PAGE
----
Agenda 21 - Earth Summit
Length: 1084 words (3.1 double-spaced pages)
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The Commission on Sustainable Development was created in December 1992 to ensure successful follow-up of UNCED and to monitor and report on execution of the agreements at all levels. All 178 governments agreed that a special session of the United Nations General Assembly would be called in 1997 to review the progress of Agenda 21 after a 5-year introduction period. The full implementation of Agenda 21 was reaffirmed at the World Summit on Sustainable Development (WSSD) held in Johannesburg, South Africa from August 26 - September 4, 2002.
Agenda 21 is not just about making improvements in “nature”. It also includes plans of action regarding poverty, hunger, ill health, illiteracy, as well as the continuing deterioration of the ecosystems. The success of Agenda 21 is contingent upon integration of environmental and developmental concerns and greater attention to them. It is also dependant upon the fulfillment of basic needs, improved living standards for all, and better protected and managed ecosystems. Only if this is accomplished can we be assured a safer, more prosperous future. No nation can achieve this alone, however; if all nations
work together to construct a global partnership for sustainable development, we can achieve the goals set forth in Agenda 21
Agenda 21 concentrates on the urgent problems of today and also aspires to prepare the world for the challenges of the next century. It reflects a global agreement and political commitment at the highest level on development and environment teamwork. Its successful completion is first and foremost the responsibility of Governments. National strategies, plans, policies and processes are essential in accomplishing this. International cooperation should support and supplement such national efforts. In this context, the United Nations system has a key role to play. Other international, regional and sub regional organizations are also called upon to contribute to this effort. The broadest public participation and the active involvement of the non-governmental organizations and other groups should also be encouraged.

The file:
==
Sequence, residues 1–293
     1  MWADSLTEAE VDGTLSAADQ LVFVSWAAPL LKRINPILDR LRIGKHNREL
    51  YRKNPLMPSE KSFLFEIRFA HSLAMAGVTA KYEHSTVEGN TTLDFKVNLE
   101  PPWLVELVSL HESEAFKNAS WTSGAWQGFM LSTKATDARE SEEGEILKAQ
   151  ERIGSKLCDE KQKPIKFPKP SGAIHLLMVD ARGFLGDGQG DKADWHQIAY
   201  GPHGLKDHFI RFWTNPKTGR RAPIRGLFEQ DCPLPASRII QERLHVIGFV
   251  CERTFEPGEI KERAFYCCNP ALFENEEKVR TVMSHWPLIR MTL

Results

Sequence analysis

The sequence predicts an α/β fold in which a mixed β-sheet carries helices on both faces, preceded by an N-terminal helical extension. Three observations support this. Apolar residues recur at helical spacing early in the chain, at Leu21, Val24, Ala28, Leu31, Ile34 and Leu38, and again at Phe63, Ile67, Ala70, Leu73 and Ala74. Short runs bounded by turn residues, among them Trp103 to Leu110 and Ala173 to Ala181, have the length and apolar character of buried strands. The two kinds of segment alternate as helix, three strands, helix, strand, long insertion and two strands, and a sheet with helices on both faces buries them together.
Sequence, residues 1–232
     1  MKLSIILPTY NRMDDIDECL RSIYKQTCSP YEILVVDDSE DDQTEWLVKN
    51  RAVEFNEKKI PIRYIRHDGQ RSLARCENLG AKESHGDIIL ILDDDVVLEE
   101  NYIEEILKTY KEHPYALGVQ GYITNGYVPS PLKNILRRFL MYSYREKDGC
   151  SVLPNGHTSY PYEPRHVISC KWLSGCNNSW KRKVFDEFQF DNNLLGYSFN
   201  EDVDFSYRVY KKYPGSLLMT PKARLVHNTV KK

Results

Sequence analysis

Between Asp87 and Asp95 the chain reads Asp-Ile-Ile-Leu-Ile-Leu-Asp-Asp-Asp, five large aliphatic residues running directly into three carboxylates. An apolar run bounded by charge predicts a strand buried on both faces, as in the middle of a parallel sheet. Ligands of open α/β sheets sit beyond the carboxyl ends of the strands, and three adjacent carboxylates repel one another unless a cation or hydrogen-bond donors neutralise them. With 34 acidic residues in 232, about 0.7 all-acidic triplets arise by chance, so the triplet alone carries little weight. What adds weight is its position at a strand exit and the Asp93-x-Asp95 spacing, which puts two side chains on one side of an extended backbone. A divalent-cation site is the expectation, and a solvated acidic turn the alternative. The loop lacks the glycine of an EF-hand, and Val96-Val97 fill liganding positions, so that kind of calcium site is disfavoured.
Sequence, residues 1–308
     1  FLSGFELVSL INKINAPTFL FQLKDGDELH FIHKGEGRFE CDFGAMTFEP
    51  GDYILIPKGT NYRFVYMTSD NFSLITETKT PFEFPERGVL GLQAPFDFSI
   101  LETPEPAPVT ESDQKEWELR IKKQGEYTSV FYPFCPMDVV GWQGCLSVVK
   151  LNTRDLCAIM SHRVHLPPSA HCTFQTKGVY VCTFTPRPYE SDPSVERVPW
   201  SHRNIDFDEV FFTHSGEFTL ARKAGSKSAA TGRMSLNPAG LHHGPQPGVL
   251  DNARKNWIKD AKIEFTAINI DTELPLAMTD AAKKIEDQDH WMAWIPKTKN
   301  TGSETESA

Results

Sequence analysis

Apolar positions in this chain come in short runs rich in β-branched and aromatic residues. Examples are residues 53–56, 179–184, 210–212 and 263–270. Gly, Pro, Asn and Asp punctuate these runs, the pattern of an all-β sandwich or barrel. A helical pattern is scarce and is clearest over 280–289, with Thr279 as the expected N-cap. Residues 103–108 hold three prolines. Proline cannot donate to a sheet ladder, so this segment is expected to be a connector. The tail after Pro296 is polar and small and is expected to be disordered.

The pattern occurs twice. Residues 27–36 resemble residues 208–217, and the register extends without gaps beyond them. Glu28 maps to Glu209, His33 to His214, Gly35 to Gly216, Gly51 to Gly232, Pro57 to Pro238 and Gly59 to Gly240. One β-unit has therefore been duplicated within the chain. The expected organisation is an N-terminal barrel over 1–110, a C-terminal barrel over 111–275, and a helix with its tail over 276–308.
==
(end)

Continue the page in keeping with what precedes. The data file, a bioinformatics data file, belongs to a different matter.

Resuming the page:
Agenda 21 constitutes a plan of action for the 90s and the first part of the XXI century, and is the global alliance of Humanity in favor of the environment and development, in other words, sustainable development.
Agenda 21 is an extensive structural document consisting of 40 chapters drawn up in the form of a plan of action. It is a project of actions for development to be socially, economically and environmentally sustainable.
Humanity stands at a defining moment in history. We are confronted with a perpetuation of disparities between and within nations, a worsening of poverty, hunger, ill health and illiteracy, and the continuing deterioration of the ecosystems on which we depend for our well-being; however, integration of environment and development concerns and greater attention to them will lead to the fulfillment of basic needs, improved living standards for all, better protected and managed ecosystems and a safer, more prosperous future. No nation can achieve this alone; but together we can - in a global partnership for sustainable development.